Rotting in the Sun

The comedy Rotting in the Sun opens with director Sebastián Silva (playing himself) sitting in a park, where he observes a homeless man defecating in the bushes. That doesn't bother him too much. What does bother him is when his dog runs over and eats that homeless man's feces. This is the first warning that the movie is going to attempt to shock and provoke you. And it does, thanks to edgy subject matter, frequent drug use, shots of unsimulated sex, and penises. Lots and lots of penises. Possibly a world record number of them in a single film.

Depressed and suicidal, the Ketamine-addicted Sebastián is considering taking an overdose of "dog poison." An acquaintance suggests he visit Zicateca, a nude beach that's a popular vacation spot among gay men. He does indeed go there, where he encounters the aforementioned penises. Sebastián also meets social media influencer Jordan Firstman (playing himself). Jordan wants him to collaborate on a TV series. The idea seems stupid until Sebastián is back home in Mexico City and unsuccessfully pitches his newest ideas to HBO. One mention of Jordan's name and suddenly he has a deal.

Saying much more about this extreme cringe comedy would be to rob it of its effect. I'll just say that Jordan arrives to work on the show, only to find Sebastián missing. His attempts to get answers are repeatedly stonewalled by the housekeeper, Vero (Catalina Saavedra). From there, the movie evolves into a wacky detective-style tale, with Jordan searching for an explanation.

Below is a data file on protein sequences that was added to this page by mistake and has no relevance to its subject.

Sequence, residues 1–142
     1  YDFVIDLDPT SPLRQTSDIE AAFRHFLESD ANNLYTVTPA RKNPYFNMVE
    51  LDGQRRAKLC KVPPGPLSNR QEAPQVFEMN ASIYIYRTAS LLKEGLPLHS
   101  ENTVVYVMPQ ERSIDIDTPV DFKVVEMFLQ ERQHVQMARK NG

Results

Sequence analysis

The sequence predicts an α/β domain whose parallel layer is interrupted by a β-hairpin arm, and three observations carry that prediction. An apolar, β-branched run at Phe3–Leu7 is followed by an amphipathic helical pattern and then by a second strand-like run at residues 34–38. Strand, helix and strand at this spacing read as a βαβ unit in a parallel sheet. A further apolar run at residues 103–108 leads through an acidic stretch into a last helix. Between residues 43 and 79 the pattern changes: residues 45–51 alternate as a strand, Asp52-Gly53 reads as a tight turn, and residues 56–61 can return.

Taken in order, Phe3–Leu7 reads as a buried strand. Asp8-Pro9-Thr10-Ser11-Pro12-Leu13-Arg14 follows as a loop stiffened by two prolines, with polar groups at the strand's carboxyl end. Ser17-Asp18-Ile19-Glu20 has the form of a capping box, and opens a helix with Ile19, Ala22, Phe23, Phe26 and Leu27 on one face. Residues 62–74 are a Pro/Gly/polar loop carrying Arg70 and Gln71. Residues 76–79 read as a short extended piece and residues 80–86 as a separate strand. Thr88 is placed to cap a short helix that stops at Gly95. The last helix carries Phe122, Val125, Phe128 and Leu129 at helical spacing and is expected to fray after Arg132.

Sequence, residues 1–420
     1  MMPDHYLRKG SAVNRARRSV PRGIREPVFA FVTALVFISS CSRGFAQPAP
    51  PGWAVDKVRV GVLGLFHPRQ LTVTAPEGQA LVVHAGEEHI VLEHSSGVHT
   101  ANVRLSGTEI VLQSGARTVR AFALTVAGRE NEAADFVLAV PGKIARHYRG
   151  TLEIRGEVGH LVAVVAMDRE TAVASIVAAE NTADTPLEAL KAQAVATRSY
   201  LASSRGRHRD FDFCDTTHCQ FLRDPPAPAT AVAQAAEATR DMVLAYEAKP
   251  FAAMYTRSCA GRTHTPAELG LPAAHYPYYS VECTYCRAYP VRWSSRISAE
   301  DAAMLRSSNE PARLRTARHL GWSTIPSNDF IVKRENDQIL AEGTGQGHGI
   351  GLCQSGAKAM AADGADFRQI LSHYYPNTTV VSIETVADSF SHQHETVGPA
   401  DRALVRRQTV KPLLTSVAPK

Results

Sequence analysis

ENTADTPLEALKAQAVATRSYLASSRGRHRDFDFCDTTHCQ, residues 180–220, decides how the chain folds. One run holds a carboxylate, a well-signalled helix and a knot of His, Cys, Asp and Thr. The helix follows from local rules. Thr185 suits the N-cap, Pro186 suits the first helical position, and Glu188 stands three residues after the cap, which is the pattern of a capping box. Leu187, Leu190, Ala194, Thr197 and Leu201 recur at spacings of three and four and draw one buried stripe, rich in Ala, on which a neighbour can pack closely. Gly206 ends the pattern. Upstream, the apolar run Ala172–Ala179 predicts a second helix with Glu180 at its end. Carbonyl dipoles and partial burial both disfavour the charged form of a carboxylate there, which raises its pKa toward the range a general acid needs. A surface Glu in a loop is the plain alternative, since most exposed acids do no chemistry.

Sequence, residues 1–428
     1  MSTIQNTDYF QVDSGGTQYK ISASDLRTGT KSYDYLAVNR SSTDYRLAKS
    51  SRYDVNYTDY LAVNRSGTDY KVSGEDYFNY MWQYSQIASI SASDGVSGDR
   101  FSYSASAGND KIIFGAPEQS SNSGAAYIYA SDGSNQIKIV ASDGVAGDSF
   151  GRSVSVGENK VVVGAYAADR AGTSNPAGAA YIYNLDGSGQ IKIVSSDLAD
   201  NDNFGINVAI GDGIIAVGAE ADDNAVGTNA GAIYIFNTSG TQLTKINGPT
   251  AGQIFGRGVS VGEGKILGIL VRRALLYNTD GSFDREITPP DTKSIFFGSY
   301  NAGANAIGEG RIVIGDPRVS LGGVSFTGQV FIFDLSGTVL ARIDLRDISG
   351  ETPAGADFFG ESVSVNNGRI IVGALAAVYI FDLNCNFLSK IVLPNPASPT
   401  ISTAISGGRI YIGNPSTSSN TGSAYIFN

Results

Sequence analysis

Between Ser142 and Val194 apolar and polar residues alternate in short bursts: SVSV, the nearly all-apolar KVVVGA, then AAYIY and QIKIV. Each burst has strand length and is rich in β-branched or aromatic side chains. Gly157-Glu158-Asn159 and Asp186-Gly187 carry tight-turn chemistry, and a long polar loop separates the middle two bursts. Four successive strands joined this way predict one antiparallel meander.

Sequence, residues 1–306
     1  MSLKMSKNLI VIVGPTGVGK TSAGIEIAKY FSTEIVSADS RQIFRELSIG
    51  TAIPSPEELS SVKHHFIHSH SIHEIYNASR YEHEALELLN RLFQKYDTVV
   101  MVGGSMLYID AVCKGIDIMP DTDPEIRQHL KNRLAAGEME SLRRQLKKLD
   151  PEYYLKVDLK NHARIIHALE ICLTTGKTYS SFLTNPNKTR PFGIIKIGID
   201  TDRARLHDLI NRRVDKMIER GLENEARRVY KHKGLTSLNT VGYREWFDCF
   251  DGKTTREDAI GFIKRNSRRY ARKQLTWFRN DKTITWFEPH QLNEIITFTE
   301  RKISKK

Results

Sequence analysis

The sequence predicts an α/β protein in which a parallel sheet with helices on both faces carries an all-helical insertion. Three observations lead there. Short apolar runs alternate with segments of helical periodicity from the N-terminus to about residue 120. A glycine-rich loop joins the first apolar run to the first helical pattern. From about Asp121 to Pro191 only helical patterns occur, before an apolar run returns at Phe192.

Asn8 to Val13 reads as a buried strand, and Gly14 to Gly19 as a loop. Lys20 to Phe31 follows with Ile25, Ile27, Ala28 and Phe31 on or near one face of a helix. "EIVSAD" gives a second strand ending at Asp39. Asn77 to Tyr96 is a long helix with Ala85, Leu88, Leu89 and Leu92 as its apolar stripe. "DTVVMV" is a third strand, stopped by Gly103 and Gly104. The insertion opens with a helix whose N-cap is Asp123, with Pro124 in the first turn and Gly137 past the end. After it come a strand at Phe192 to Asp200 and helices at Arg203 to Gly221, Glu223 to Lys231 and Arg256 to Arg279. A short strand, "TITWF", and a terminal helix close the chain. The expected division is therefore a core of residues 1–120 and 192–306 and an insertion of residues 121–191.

Rotting in the Sun is intriguing because you can interpret what Silva is going for in a number of ways. The film defies easy categorization. Humor is mined from the repressed Sebastián's reaction to Jordan's unapologetic sexcapades, from drug use, and from the unpleasant details of the disappearance. Is it just an act of self-mockery, a satire of creative bankruptcy, a mediation on depression, or something else?

For me, the story is about the maturation of an artist. Sebastián is successful, yet out of good ideas, hence his malaise. Jordan makes silly, stupid videos designed to get attention. Trying to solve the mystery of his friend's disappearance forces him to grow up and start looking at the world in a mature manner. It's humorous that he doesn't know how to do that at first, so his "hit like and follow" influencer mentality comes out. By the end, he's not nearly as jovial. What he makes next will undoubtedly be more substantive.

Rotting in the Sun has good performances from Silva and Firstman. The scene-stealer, though, is Saavedra. With her wonderfully expressive face, the actress earns big laughs showing Vero’s reactions to the madness around her. Vulgar, outrageous, risqué, and often funny, the film will – by design - offend a percentage of viewers. If it didn’t, it wouldn’t be nearly as entertaining as it is.

out of four

Rotting in the Sun is unrated, but contains strong language, drug use, graphic nudity, and explicit sex. The running time is 1 hour and 51 minutes.